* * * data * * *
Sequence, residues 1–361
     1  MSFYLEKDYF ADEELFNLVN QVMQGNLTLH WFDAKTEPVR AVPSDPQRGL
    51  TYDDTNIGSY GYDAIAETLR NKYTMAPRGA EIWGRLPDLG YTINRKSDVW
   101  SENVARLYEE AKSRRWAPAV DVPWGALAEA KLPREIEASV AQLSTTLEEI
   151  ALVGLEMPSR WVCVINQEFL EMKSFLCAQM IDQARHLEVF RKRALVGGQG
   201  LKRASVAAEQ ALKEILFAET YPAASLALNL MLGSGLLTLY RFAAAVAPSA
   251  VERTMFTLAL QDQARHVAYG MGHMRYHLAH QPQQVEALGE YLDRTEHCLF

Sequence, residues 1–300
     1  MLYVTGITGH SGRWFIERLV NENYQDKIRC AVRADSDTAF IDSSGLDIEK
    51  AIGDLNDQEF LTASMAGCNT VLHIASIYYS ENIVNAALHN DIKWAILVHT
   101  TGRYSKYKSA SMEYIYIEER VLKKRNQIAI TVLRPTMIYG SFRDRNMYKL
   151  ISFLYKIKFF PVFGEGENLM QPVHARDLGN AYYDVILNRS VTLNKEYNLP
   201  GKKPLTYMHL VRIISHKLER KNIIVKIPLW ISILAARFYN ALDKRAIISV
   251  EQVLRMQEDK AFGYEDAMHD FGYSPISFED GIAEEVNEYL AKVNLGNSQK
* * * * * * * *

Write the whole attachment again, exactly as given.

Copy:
Sequence, residues 1–361
     1  MSFYLEKDYF ADEELFNLVN QVMQGNLTLH WFDAKTEPVR AVPSDPQRGL
    51  TYDDTNIGSY GYDAIAETLR NKYTMAPRGA EIWGRLPDLG YTINRKSDVW
   101  SENVARLYEE AKSRRWAPAV DVPWGALAEA KLPREIEASV AQLSTTLEEI
   151  ALVGLEMPSR WVCVINQEFL EMKSFLCAQM IDQARHLEVF RKRALVGGQG
   201  LKRASVAAEQ ALKEILFAET YPAASLALNL MLGSGLLTLY RFAAAVAPSA
   251  VERTMFTLAL QDQARHVAYG MGHMRYHLAH QPQQVEALGE YLDRTEHCLF

Sequence, residues 1–300
     1  MLYVTGITGH SGRWFIERLV NENYQDKIRC AVRADSDTAF IDSSGLDIEK
    51  AIGDLNDQEF LTASMAGCNT VLHIASIYYS ENIVNAALHN DIKWAILVHT
   101  TGRYSKYKSA SMEYIYIEER VLKKRNQIAI TVLRPTMIYG SFRDRNMYKL
   151  ISFLYKIKFF PVFGEGENLM QPVHARDLGN AYYDVILNRS VTLNKEYNLP
   201  GKKPLTYMHL VRIISHKLER KNIIVKIPLW ISILAARFYN ALDKRAIISV
   251  EQVLRMQEDK AFGYEDAMHD FGYSPISFED GIAEEVNEYL AKVNLGNSQK